Five years after the UN-sponsored Popular Consultation on the question of independence and the end of Indonesia’s occupation of East Timor the process of bringing those to justice who are responsible for crimes against humanity committed on the territory of East Timor in 1999 has stalled. During the referendum period in East Timor up to 1.500 civilians were killed by Indonesian soldiers and local militias, 70% of the infrastructure was destroyed as part of a ‘scorched earth policy’ of the Indonesian military leadership and up to 200.000 people were forcibly displaced to West Timor. Under Indonesian military occupation (1975-1999) up to 250.000 people are estimated to have died due to the war-like situation under occupation and its consequences such as hunger and deprivation.

Neither the ad hoc Human Rights Court in Jakarta nor the UN-sponsored Courts system in East Timor have been able to hold those accountable who bear the greatest responsibility. And while justice for East Timor remains elusive, the credibility of UN engagement to end impunity for the most serious international crimes is on the line, as is the development for the respect for the rule of law within Indonesia and East Timor.

In East Timor the Serious Crimes Unit and the Special Panels for Serious Crimes established by the United Nations have made a tremendous contribution to justice for past crimes. The prosecutors of the Serious Crimes Unit have indicted up to 400 individuals. 70 have received prison sentences. However, due to a lack of cooperation on part of Indonesia’s political and judicial authorities, East Timor’s Government and the United Nations Court in Dili has been unable to put on trial those among the Indonesian military and administration bearing the greatest responsibility for the crimes. This situation creates, among the East Timorese population, the impression of unfair treatment of low-level East Timorese perpetrators. Furthermore, the UN-sponsored prosecutors and judges must terminate their work in May 2005 as part of the completion strategy authorised by the Security Council. With the termination of the work of the Special Panels the justice process for the crimes committed during the referendum period in East Timor will undoubtedly be considered to be a failed endeavour of international justice.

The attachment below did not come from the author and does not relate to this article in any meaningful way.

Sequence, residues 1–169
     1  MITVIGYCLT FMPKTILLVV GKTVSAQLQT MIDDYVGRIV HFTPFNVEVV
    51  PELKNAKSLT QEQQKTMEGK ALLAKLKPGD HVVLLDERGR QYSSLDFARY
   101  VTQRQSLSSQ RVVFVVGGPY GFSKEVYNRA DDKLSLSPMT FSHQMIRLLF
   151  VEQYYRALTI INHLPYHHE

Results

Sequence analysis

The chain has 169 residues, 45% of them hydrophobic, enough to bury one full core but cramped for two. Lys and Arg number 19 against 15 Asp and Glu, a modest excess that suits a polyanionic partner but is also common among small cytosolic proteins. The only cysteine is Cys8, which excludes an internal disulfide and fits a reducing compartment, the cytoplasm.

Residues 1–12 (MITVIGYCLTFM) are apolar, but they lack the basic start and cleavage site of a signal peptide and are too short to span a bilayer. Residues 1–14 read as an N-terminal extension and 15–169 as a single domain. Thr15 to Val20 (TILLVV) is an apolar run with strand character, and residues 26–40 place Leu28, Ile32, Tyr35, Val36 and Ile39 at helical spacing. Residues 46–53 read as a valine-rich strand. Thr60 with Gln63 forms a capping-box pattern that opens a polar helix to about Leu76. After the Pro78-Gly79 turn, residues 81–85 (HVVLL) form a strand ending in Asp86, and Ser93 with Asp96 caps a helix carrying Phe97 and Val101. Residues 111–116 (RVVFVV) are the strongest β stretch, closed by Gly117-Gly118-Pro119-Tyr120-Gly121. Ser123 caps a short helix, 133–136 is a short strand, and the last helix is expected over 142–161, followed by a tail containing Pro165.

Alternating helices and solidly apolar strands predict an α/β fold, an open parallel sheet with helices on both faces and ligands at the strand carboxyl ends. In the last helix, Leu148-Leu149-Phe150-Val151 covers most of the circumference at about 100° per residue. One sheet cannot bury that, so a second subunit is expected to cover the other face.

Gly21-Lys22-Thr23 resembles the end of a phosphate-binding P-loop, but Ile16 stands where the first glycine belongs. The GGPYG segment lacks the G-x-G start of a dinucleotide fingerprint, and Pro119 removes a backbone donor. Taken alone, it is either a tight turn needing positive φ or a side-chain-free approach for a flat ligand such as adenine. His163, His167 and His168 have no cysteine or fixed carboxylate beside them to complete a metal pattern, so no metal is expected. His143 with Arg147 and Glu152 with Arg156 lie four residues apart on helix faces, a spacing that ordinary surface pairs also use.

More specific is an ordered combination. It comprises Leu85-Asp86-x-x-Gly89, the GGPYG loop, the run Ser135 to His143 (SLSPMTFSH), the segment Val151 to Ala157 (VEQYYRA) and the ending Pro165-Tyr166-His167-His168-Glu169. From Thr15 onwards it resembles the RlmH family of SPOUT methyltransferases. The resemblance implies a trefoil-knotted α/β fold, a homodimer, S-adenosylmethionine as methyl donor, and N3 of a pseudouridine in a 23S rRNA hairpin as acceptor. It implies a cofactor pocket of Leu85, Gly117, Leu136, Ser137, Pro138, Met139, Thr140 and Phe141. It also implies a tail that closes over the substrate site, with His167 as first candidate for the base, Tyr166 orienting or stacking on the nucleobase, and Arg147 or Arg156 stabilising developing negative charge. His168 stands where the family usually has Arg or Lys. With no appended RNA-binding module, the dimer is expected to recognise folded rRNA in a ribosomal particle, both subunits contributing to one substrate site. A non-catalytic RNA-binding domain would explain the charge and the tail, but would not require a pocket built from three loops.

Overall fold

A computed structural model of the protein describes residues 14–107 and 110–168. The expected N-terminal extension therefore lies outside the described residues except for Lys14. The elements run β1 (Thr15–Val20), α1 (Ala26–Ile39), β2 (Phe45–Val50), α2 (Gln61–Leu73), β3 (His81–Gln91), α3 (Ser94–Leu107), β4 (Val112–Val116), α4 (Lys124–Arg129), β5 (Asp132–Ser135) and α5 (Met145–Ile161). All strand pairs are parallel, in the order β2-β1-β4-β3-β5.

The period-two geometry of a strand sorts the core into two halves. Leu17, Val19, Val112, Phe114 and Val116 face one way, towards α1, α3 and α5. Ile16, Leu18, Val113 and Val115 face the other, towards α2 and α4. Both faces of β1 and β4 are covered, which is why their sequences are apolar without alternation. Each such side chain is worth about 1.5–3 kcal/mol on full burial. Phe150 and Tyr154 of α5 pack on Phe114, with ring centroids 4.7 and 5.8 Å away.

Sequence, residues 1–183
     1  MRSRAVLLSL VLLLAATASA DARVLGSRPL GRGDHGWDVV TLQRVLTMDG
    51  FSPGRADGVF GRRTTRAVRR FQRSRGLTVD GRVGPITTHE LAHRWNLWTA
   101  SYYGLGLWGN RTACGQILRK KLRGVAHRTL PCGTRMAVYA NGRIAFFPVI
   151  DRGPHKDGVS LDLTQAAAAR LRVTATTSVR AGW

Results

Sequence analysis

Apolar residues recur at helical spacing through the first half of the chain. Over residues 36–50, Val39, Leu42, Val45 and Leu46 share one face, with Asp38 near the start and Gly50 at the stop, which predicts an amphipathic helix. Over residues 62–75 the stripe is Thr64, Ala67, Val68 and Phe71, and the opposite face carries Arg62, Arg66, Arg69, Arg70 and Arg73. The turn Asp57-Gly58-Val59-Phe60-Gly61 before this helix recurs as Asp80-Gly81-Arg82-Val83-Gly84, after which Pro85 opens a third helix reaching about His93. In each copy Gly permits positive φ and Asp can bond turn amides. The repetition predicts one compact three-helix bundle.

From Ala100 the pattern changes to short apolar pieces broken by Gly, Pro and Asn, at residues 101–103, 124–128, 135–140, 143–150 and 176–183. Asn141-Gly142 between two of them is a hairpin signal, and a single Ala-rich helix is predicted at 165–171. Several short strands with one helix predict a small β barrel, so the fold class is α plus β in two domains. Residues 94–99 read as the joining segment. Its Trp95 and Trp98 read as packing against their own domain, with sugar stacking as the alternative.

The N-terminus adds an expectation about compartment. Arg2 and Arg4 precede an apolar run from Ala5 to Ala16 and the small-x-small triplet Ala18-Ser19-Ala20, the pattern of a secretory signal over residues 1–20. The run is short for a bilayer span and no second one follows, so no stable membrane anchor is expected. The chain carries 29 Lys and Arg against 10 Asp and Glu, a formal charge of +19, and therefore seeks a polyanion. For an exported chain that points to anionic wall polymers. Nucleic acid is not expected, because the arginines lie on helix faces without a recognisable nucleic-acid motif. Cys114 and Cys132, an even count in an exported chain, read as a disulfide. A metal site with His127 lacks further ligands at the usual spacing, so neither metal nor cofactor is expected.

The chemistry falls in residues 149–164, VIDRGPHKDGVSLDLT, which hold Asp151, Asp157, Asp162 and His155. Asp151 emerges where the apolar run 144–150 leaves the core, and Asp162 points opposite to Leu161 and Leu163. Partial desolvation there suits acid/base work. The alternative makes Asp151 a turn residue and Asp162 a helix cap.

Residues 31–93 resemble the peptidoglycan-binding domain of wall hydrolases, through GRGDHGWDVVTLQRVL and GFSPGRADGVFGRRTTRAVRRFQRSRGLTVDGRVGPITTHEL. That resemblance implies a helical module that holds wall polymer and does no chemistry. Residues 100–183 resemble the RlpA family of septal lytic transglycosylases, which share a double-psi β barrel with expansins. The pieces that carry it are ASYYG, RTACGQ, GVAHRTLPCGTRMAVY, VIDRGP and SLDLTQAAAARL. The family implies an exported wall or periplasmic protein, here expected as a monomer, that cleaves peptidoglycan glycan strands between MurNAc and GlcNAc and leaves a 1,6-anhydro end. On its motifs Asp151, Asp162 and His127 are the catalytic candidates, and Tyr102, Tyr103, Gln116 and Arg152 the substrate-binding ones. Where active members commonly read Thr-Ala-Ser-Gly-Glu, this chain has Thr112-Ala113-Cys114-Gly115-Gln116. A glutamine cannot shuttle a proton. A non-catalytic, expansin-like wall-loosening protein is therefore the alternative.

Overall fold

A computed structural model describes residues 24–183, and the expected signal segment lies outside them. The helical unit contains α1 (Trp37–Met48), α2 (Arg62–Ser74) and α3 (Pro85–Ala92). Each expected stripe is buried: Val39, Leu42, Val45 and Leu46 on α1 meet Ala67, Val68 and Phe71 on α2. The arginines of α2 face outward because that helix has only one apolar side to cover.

This submission will describe the structural and political problems of both the ad hoc Human Rights Court in Jakarta and the Special Panels of Serious Crimes in East Timor using the case ‘Deputy General Prosecutor against Wiranto and others’ to illustrate the causes and consequences of the failure of this process. The submission seeks to draw attention to this issue in East Timor and Indonesia during the 61. Session of the UN Commission on Human Rights (UNCHR) and presents recommendations to the Commission on how the process can be improved in the future. It also seeks to draw the UN Secretary-General’s, states’ and policy-makers’ attention, in the hope that this chapter in the history of human rights violations will be resolved soon.